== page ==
Relative fat oxidation is higher in children than adults

Nutr J. 2007 Aug 16:6:19. doi: 10.1186/1475-2891-6-19.

Abstract

Background: Prepubescent children may oxidize fatty acids more readily than adults. Therefore, dietary fat needs would be higher for children compared with adults. The dietary fat recommendations are higher for children 4 to 18 yrs (i.e., 25 to 35% of energy) compared with adults (i.e., 20 to 35% of energy). Despite this, many parents and children restrict dietary fat for health reasons.

Methods: This study assessed whether rates of fat oxidation are similar between prepubescent children and adults. Ten children (8.7 +/- 1.4 yr, 33 +/- 13 kg mean +/- SD) in Tanner stage 1 and 10 adults (41.6 +/- 8 yr, 74 +/- 13 kg) were fed a weight maintenance diet for three days to maintain body weight and to establish a consistent background for metabolic rate measurements (all foods provided). Metabolic rate was measured on three separate occasions before and immediately after breakfast and for 9 hrs using a hood system (twice) or a room calorimeter (once) where continuous metabolic measurements were taken.

Results: During all three sessions whole body fat oxidation was higher in children (lower RQ) compared to adults (mean RQ= 0.84 +/- .016 for children and 0.87 +/- .02, for adults, p < 0.02). Although, total grams of fat oxidized was similar in children (62.7 +/- 20 g/24 hrs) compared to adults (51.4 +/- 19 g/24 hrs), the grams of fat oxidized relative to calorie expenditure was higher in children (0.047 +/- .01 g/kcal, compared to adults (0.032 +/- .01 p < 0.02). Females oxidized more fat relative to calorie expenditure than males of a similar age. A two way ANOVA showed no interaction between gender and age in terms of fat oxidation.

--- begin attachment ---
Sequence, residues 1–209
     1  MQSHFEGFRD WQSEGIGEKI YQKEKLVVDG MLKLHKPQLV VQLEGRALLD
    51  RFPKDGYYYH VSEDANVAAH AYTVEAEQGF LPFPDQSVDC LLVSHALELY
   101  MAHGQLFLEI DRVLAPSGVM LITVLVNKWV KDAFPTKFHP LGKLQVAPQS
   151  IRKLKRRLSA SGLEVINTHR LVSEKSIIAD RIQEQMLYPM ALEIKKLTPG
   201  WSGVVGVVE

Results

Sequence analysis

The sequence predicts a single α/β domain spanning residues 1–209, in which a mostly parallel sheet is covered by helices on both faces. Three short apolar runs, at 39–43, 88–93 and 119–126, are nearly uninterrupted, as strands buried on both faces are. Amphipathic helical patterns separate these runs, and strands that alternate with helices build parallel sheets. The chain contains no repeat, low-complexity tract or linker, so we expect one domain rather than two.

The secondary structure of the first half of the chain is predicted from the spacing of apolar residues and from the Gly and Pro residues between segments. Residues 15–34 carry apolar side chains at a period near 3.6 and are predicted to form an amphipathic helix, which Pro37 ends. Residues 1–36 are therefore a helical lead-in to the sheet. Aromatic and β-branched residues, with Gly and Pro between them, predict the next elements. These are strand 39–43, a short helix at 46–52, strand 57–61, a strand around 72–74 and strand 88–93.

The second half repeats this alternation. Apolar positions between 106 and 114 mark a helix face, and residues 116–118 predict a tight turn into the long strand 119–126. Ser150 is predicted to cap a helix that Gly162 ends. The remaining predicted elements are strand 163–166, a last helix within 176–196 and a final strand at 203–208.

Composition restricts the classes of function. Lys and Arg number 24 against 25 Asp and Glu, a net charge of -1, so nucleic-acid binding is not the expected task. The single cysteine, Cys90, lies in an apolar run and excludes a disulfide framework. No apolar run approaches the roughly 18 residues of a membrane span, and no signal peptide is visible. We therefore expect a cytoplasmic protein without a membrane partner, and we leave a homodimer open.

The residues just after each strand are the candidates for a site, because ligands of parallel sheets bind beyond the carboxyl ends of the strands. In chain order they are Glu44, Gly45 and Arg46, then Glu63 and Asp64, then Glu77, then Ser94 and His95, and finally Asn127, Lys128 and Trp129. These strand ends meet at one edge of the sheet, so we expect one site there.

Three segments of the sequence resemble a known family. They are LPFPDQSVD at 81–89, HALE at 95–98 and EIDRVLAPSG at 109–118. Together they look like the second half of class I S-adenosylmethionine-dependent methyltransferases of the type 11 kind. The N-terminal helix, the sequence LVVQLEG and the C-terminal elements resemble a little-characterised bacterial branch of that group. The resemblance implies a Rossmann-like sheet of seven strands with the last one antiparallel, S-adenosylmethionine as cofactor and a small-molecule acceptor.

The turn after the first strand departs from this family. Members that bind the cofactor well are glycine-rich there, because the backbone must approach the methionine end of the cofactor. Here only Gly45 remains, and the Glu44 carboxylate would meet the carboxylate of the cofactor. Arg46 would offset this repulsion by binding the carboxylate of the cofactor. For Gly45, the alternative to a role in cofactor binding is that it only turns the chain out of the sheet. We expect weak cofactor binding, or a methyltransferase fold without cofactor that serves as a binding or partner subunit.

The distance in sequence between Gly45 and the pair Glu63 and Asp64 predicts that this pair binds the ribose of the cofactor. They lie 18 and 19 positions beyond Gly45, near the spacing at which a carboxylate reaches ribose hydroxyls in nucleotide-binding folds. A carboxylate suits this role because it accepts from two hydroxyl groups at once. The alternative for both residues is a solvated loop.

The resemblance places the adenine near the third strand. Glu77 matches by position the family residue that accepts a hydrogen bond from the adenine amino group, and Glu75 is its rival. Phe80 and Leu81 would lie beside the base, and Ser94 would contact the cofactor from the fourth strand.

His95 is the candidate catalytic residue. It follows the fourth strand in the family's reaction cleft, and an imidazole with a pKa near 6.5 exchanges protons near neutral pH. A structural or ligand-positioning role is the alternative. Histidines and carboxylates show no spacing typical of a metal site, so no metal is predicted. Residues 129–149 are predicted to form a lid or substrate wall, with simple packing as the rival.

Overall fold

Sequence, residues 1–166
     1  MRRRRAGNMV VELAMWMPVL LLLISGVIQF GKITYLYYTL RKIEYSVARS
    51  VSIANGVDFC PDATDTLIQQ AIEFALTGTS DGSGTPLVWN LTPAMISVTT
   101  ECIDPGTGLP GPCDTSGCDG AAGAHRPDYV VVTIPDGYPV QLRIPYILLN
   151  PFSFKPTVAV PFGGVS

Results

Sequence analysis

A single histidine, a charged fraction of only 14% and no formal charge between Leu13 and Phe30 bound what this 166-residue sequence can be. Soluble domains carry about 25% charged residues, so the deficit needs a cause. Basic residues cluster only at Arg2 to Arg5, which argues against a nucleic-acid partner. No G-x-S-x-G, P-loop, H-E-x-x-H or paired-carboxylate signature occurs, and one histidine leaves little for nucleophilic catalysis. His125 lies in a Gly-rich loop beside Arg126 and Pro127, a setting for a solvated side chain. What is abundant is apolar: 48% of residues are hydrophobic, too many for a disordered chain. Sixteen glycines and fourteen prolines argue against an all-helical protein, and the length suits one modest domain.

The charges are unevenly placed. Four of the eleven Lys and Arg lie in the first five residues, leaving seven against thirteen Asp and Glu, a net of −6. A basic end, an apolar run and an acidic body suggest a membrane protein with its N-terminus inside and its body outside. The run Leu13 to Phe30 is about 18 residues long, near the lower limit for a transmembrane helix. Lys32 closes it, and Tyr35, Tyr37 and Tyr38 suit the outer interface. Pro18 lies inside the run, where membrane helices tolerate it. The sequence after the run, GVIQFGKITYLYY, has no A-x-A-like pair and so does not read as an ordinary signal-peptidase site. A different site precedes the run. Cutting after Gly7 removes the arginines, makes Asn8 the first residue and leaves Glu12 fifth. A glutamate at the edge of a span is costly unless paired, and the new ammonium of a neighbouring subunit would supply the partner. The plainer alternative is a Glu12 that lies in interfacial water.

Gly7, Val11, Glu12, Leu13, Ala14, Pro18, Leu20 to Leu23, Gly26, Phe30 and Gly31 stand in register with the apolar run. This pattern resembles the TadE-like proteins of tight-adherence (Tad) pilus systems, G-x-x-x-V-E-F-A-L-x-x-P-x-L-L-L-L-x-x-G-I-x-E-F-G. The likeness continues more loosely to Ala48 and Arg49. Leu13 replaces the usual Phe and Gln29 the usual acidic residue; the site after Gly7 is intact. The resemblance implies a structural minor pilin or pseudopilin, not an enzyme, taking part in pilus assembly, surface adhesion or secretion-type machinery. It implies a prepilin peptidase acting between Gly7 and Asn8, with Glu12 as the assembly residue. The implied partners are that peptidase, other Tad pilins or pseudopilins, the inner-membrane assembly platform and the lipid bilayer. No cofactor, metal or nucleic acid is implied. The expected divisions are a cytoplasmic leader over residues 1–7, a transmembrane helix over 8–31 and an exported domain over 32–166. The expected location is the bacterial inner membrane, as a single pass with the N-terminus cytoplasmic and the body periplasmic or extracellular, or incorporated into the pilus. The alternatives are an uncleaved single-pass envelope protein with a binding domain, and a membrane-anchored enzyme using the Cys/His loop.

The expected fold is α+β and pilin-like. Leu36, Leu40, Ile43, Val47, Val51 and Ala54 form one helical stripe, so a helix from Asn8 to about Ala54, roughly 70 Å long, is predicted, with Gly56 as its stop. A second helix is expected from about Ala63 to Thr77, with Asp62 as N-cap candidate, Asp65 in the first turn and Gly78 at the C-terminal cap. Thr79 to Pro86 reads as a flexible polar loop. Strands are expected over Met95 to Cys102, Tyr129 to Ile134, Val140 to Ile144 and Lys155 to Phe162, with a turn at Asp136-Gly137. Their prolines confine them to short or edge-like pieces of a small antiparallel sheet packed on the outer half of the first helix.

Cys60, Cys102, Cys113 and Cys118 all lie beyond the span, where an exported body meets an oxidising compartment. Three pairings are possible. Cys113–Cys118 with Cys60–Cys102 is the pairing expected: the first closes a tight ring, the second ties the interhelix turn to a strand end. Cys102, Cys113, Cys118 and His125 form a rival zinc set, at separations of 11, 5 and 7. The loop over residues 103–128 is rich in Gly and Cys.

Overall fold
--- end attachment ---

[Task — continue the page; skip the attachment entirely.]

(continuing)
Conclusion: These data suggest that fat oxidation relative to total calorie expenditure is higher in prepubescent children than in adults. Consistent with current dietary guidelines, a moderate fat diet is appropriate for children within the context of a diet that meets their energy and nutrient needs.

Publication types

  • Research Support, N.I.H., Extramural

MeSH terms

  • Adult
  • Age Factors
  • Aging / metabolism*
  • Analysis of Variance
  • Blood Pressure / physiology
  • Calorimetry, Indirect
  • Child
  • Diet / methods
  • Dietary Fats / metabolism*
  • Energy Metabolism / physiology*
  • Female
  • Heart Rate / physiology
  • Humans
  • Male
  • Middle Aged
  • Oxidation-Reduction
  • Reference Values
  • Sex Factors
  • Urea / urine

Substances

  • Dietary Fats
  • Urea